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slough of despond

A state of severe depression. The phrase originated in John Bunyan's 17th-century novel A Pilgrim's Progress. I started going to therapy once I felt myself slipping into the slough of despond.
See also: of, slough

slough off

1. Literally, to shed, peel, or scrape off an outer layer of something. In this usage, a noun can be used between "slough" and "off." It can be pretty gross to watch a snake slough off its skin, leaving behind a weird, hollow version of itself.
2. To dismiss, ignore, or minimize the importance of someone or something. In this usage, a noun or pronoun can be used between "slough" and "off." He kept heckling me during the show, but I sloughed him off and kept performing. The senator just sloughed off the journalist's comments, describing them later as "baseless" and "incendiary."
3. To procrastinate or avoid doing work. In this usage, the phrase is sometimes followed by a noun indicating the thing being avoided. If you keep sloughing off, we'll be forced to give you a formal warning. I decided to slough off my essay for the weekend and hang out with my friends instead.
4. To delegate or assign one's own work or duties to someone else. In this usage, a noun can be used between "slough" and "off," and the phrase is typically followed by "to/onto (someone)." More and more administrative duties are being sloughed off onto teachers, without being reflected in their pay. He's been sloughing smaller projects off to his assistants.
5. To escape or depart for some location quietly or in secret. In this usage, the phrase is sometimes followed by "to/into (some place)." I felt really uncomfortable in the group of strangers, so I sloughed off when everyone was distracted. We decided to skip the meeting and sloughed off to the movies instead.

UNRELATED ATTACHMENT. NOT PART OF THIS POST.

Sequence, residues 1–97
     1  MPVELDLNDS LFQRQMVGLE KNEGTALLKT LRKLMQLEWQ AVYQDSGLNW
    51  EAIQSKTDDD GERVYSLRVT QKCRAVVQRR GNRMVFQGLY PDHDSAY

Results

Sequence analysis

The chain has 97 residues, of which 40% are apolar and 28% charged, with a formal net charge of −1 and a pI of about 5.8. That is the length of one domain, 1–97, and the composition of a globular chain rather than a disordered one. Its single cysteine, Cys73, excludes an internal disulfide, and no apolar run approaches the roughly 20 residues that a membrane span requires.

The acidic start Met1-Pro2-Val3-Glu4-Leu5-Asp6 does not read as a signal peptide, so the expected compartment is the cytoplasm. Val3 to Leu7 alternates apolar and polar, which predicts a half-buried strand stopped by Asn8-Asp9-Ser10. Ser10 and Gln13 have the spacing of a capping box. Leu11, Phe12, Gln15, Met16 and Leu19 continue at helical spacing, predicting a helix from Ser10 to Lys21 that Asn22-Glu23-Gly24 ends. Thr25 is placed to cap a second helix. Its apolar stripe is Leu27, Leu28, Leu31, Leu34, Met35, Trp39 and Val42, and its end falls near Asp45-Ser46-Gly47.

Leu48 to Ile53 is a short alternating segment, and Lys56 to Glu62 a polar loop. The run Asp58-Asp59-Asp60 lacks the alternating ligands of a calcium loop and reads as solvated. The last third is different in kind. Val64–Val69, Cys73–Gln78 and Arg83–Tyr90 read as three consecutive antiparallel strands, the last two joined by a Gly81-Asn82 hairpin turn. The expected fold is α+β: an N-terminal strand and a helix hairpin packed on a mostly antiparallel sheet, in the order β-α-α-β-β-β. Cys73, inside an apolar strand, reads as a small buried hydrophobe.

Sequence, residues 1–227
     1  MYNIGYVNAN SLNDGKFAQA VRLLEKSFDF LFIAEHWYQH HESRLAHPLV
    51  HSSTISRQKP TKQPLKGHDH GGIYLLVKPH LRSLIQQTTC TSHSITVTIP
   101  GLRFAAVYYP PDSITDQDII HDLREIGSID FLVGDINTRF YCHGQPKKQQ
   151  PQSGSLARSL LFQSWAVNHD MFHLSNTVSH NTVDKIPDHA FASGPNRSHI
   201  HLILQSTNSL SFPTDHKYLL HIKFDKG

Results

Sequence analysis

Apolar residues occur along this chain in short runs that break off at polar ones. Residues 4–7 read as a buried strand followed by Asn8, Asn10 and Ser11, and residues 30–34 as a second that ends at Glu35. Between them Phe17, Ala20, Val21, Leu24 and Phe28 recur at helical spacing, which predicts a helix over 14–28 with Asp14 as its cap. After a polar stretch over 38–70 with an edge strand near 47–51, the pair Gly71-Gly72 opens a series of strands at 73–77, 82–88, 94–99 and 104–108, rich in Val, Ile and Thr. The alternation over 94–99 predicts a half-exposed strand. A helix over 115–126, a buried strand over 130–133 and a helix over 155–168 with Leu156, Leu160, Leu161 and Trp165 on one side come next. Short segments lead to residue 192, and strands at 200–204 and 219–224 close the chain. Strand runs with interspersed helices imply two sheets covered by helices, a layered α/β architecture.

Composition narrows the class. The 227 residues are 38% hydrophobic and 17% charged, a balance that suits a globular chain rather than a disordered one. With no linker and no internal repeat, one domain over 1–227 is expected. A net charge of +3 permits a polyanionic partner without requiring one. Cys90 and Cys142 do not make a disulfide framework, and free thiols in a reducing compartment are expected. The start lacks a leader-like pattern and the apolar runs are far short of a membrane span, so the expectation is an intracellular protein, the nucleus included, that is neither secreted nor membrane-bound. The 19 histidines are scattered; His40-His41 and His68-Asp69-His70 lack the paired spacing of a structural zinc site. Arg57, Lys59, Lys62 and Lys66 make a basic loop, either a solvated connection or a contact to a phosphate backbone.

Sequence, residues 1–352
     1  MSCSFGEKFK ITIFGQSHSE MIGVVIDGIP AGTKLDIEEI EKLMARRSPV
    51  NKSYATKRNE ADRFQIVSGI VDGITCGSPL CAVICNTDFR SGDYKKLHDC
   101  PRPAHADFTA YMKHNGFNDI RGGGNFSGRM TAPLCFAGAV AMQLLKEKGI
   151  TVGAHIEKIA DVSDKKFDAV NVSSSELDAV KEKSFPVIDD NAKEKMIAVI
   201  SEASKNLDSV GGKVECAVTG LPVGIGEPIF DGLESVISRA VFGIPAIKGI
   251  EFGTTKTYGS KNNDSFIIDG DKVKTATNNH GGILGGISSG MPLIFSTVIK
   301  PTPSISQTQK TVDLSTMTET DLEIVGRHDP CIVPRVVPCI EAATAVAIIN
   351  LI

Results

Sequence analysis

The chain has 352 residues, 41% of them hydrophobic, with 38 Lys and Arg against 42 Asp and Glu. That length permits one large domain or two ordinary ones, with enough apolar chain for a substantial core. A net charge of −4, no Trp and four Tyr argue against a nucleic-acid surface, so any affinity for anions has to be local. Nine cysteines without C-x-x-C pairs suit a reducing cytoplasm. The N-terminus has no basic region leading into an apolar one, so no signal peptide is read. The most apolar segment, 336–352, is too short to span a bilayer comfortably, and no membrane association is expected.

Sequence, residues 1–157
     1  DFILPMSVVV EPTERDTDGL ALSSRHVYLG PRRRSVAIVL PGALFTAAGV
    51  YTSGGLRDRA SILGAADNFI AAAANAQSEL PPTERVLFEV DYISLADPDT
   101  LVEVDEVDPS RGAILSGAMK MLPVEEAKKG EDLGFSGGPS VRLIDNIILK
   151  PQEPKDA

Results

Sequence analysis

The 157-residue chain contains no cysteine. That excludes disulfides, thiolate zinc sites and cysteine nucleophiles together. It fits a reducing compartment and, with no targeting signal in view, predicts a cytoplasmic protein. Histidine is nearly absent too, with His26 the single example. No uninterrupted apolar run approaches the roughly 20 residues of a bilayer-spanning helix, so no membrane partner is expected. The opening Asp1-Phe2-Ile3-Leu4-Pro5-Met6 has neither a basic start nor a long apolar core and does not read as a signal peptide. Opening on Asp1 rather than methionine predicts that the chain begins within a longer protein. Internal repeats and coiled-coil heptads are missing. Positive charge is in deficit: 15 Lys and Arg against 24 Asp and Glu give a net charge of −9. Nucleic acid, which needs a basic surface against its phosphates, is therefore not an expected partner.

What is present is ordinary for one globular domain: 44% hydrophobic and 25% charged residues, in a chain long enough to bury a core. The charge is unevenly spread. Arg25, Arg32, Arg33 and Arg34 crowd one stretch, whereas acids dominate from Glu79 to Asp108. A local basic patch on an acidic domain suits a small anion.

See also: off, slough

slough something off

1. Lit. to brush or rub something off. The snake sloughed its old skin off. It sloughed off its skin.
2. Fig. to ignore or disregard a negative remark or incident. I could see that the remark had hurt her feelings, but she just pretended to slough it off. Liz sloughed off the remark.
See also: off, slough

slough off

1. To shed or peel off some outer layer, especially by rubbing or scraping: We need to slough the paint off the pipes before we install them. The snake sloughed off its skin against a rock.
2. To shed or peel off, as an outer layer: My skin is sloughing off because of the dryness.
3. To avoid some work or to work lazily: Your grades are bad because you've been sloughing off your homework a lot recently. After lunch, he sloughed off and played video games.
4. To leave unnoticed; slip away: The kids sloughed off into the woods.
See also: off, slough


and slewy and slued and sloughed (up) (slud and ˈslui and slud...)
mod. alcohol intoxicated. Wallace is too slewed to drive.
See also: slew

sloughed up

See slewed
See also: slough, up


See slewed
See also: slough

sluff (off)

and slough (off)
in. to waste time; to goof off. Watch him. He will sluff off if you don’t keep after him.
See also: off, sluff

slough off

See also: off, slough


References in periodicals archive ?
She watched the sloughy dead tissue being excised and the packing being inserted, yet to direct questioning, `Does that hurt?
Facilitate debridement of necrotic / sloughy tissue if present
The company's products are now in routine use for the rapid and effective treatment of infected, sloughy and necrotic wounds.
Mrs Jones said, "Once I realised just how effective maggots are in treating infected, sloughy and necrotic wounds, often saving limbs from amputation, I was determined to spread the word.